In a much commented-upon speech at the IMF’s annual research conference last November, Laurence H. Summers, the former US Treasury Secretary and a candidate at the time for the chair of the US Federal Reserve, suggested we take very seriously the idea that developed economies will not see a rapid return to pre-crisis growth rates. They may well be following the same roadmap that traces the demise of Japan’s economy since 1990, he warned. There are a number of observations that I believe support such an analysis.
First, it is clear now that the recovery from the Great Financial Crisis of 2007-08 has been distinctly anaemic. In the US, the share of adults in work has not risen at all (as part of a so-called jobless recovery) and GDP is still declining relative to the pre-crisis trend rate of growth. In the last five years, America’s economy has grown by only 5.5% relative to its pre-crisis peak.
Second, many policymakers now recognise that, prior to the crisis, monetary policy was too lax, particularly in the US and the UK. Imprudent lending abounded and money was easy. Yet this very accommodative monetary policy neither triggered an economic boom, nor was industrial capacity utilisation under any great pressure. Unemployment was not particularly low and inflationary pressures were conspicuous only by their absence.
Finally, in the pre-crisis years, long-term real (inflation-adjusted) interest rates reached historic lows despite strong global economic growth. Yields on long-dated inflation-proof bonds fell to below 2% before the financial crisis and then below zero after the financial crisis in the US, the UK and France. At the end of the 1990s, real rates had been much higher, often well above 3%.
Could this substantial decline in real rates be explained in terms of a shift in the balance between desired saving and investment at the global level? Prior to the financial crisis, economists were already discussing evidence that a shift in overall global savings might have occurred and driven down real rates of interest worldwide.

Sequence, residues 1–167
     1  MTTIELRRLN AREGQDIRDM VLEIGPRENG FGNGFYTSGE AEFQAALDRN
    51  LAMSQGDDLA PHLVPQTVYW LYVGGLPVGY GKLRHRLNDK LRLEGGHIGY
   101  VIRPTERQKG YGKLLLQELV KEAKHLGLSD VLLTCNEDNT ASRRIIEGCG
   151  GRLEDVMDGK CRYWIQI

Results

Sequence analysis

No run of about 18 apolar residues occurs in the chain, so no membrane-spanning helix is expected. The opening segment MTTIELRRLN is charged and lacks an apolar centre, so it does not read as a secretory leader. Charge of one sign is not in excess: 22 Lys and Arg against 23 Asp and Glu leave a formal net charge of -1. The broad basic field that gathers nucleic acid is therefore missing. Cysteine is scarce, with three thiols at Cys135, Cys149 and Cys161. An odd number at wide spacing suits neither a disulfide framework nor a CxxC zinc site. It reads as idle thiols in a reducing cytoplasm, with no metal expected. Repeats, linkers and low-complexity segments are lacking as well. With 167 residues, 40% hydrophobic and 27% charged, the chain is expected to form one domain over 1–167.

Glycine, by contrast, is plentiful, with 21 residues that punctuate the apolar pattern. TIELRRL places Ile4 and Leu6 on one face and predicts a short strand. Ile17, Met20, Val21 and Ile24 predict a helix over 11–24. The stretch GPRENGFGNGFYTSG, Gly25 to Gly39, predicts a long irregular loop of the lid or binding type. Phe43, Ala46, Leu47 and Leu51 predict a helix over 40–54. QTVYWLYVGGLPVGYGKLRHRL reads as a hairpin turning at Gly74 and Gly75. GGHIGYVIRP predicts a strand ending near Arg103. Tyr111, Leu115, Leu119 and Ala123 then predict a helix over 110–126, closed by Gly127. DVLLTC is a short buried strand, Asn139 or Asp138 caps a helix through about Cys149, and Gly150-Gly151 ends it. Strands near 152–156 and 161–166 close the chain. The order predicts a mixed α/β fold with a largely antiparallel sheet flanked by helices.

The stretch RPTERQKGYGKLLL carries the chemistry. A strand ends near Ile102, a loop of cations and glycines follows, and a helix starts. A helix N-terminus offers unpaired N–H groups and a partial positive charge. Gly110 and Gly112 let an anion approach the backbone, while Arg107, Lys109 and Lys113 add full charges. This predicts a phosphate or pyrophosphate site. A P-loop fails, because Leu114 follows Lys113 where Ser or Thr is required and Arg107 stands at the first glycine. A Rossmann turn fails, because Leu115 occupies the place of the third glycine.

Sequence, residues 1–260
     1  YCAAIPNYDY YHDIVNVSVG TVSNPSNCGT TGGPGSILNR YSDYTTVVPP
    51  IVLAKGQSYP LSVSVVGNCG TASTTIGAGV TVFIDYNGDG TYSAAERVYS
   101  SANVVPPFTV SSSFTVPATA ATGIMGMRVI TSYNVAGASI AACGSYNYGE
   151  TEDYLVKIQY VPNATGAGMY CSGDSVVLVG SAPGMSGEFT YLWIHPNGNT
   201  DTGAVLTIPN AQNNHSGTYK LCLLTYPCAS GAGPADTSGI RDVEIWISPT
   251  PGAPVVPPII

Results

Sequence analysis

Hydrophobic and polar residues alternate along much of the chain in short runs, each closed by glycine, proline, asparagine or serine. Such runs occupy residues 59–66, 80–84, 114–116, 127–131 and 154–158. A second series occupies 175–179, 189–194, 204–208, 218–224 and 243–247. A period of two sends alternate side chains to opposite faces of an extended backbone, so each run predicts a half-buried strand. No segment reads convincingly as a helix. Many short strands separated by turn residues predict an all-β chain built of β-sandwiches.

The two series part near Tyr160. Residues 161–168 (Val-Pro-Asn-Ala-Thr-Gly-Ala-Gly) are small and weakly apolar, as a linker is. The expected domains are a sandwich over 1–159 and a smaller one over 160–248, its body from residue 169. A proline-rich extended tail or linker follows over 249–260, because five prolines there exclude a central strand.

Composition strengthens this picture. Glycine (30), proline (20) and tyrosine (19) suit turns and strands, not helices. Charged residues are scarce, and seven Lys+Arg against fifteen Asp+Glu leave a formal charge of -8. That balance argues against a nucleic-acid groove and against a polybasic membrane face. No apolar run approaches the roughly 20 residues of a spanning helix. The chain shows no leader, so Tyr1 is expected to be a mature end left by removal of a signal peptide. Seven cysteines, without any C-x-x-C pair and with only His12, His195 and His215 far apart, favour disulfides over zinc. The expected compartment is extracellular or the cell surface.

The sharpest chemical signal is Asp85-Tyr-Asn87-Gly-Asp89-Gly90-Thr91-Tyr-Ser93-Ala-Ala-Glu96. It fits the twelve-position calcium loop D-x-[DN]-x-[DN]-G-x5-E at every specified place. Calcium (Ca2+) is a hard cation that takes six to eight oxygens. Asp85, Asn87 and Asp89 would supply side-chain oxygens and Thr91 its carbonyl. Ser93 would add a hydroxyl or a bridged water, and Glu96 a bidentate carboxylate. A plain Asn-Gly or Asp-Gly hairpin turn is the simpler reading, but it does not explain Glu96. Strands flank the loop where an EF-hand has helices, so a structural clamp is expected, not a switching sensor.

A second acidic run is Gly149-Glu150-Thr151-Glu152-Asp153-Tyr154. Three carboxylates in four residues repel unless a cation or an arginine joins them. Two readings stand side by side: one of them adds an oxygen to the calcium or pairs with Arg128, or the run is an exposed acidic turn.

To put things simply, a rise in total world savings would mean that the cost of savings (the real rate) falls. Summers asks us to envisage the idea that the short-term interest rate consistent with full employment might have fallen to -2% or -3% in the last decade. The idea of a ‘global savings glut’ – whereby an excess of savings combined with an absence of productive investment opportunities led to the drop in real interest rates – could constitute part of the explanation for this state of affairs.
Such an excess of savings would signify a long-standing structural weakness in the global economy, similar to the “global imbalances” – a world economy where current account surplus countries (e.g. emerging Asia and particularly China) supply more savings to the rest of the world than businesses could constructively use, even at very low interest rates.
In this context, excess savings would become a constraint on demand. Moreover, as the glut of savings reflects weak investment, it suggests prospective supply growth will be slow.
The conclusion to this hypothesis is that, while policymakers may have won the battle with the crisis (there has not been, as post-1929, a Great Depression), they have not won the war to rebalance an excess of savings relative to investment. Until they do, developed economies are confronted with the prospect of chronically weak growth and correspondingly weak returns from investments. Under this scenario, fretting about which assets classes are overbought is not the issue. What matters is how financial objectives can be achieved in a low return regime – it probably involves saving more.
Solutions could include inflation to engineer sufficiently negative real interest rates. Politically, such a solution may simply not be feasible. An alternative would be to use excess savings to finance large-scale public investment projects.